Experimental and computational exploration of the dynamic behavior of (PNP)BF 2 , a boron compound supported by an amido/bis(phosphine) pincer ligand Academic Article uri icon

abstract

  • The diarylamido/bis(phosphine) PNP pincer ligand (2-(i)Pr(2)P-4-MeC(6)H(3))(2)N has been evaluated as a scaffold for supporting a BF(2) fragment. Compound (PNP)BF(2) (6) was prepared by simple metathesis of (PNP)Li (5) with Me(2)SBF(3). NMR spectra of 6 in solution are of apparent C(2) symmetry, suggestive of a symmetric environment about boron. However, a combination of X-ray structural studies, low-temperature NMR investigations, and DFT calculations consistently establish that the ground state of this molecule contains a classical four-coordinate boron with a PNBF(2) coordination environment, with one phosphine donor in PNP remaining "free". Fortuitous formation of a single crystal of (PNP)BF(2)·HBF(4) (7), in which the "free" phosphine is protonated, furnished another structure containing the same PNBF(2) environment about boron for comparison and the two PNBF(2) environments in 6 and 7 are virtually identical. DFT studies on several other diarylamido/bis(phosphine) pincer (PNP)BF(2) systems were carried out and all displayed a similar four coordinate PNBF(2) environment in the ground state structures. The symmetric appearance of the room-temperature NMR spectra is explained by the rapid interconversion between two degenerate four-coordinate, C(1)-symmetric ground-state forms. Lineshape analysis of the (1)H and (19)F NMR spectra over a temperature range of 180-243 K yielded the activation parameters ΔH(‡) = 8.1(3) kcal mol(-1) and ΔS(‡) = -6.0(15) eu, which are broadly consistent with the calculated values. Calculations indicate that the exchange of phosphine donors at the boron center proceeds by an intrinsically dissociative mechanism.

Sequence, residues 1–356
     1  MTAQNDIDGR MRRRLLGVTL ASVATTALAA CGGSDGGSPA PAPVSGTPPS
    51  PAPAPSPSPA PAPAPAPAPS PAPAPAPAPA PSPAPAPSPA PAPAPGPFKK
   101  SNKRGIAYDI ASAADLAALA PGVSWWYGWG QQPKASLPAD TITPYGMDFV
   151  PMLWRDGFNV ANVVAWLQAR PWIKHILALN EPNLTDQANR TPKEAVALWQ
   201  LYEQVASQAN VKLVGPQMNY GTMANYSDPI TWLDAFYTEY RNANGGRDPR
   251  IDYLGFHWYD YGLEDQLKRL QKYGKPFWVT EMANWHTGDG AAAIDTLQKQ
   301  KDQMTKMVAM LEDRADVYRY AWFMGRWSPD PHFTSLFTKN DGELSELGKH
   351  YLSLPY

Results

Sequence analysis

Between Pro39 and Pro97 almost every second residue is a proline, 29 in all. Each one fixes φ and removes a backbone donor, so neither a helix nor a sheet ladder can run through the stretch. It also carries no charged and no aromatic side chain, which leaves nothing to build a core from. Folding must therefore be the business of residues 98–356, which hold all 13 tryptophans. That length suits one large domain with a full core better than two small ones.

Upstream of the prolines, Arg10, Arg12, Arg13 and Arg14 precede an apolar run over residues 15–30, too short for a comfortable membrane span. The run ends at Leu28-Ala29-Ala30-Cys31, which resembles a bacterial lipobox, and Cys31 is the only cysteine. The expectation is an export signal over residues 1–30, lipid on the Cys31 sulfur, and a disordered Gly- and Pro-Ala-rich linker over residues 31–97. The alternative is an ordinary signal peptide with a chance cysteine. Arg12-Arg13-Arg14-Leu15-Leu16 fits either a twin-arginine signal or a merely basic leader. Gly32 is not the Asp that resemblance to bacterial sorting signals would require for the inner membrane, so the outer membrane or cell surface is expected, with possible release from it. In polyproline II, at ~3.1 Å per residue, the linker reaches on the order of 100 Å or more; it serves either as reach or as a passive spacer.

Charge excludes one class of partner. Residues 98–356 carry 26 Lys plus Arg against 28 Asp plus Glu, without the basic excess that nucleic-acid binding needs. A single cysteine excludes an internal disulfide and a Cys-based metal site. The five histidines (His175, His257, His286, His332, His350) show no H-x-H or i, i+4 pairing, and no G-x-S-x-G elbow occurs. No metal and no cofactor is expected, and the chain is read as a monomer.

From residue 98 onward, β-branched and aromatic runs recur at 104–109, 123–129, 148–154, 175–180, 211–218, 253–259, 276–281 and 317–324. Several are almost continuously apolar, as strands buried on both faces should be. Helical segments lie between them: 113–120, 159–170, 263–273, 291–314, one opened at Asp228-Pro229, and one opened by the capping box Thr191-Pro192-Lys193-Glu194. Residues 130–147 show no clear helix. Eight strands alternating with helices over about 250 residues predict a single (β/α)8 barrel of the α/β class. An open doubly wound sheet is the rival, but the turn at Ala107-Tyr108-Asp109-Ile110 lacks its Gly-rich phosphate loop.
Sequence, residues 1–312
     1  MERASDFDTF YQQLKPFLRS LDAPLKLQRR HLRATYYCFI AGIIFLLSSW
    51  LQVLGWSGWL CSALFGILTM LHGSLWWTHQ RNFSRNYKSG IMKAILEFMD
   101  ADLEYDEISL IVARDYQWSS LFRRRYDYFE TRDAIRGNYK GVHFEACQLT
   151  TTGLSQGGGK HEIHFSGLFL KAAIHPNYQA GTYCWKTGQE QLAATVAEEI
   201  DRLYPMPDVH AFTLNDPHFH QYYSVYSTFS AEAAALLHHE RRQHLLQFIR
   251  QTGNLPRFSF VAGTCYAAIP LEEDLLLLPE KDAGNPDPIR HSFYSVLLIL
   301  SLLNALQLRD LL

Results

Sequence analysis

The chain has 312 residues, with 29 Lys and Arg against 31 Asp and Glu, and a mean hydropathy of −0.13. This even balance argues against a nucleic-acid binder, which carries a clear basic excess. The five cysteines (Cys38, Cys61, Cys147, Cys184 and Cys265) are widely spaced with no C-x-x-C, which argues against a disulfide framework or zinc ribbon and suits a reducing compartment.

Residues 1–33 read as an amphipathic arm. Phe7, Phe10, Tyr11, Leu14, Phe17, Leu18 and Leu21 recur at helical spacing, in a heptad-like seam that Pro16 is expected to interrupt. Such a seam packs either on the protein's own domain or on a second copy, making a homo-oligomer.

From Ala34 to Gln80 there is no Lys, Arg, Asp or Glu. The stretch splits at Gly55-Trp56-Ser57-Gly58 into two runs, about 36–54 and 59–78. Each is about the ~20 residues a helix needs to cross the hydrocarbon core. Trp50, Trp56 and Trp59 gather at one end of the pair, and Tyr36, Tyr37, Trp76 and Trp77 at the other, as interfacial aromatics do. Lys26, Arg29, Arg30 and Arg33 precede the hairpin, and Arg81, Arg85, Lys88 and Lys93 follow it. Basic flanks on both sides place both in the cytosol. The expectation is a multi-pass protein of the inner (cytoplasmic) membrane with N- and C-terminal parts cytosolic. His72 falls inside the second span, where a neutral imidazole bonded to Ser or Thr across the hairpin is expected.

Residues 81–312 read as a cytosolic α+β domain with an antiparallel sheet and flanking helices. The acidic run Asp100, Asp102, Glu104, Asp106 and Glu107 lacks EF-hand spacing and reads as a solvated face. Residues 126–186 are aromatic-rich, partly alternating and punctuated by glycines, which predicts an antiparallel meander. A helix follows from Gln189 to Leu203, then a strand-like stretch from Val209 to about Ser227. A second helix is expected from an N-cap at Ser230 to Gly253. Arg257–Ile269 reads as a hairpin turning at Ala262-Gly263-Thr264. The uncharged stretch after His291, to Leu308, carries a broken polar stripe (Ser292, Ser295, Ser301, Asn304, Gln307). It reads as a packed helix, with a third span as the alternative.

altmetric score

  • 3

author list (cited authors)

  • DeMott, J. C., Surawatanawong, P., Barnett, S. M., Chen, C., Foxman, B. M., & Ozerov, O. V.

citation count

  • 5

publication date

  • September 2011